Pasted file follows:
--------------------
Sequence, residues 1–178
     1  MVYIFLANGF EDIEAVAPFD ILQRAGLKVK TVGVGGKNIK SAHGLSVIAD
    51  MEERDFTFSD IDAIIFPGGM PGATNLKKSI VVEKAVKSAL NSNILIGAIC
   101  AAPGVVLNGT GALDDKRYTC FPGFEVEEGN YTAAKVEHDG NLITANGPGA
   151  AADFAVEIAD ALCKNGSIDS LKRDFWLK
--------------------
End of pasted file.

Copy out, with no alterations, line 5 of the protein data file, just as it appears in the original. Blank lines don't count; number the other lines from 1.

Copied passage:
   151  AADFAVEIAD ALCKNGSIDS LKRDFWLK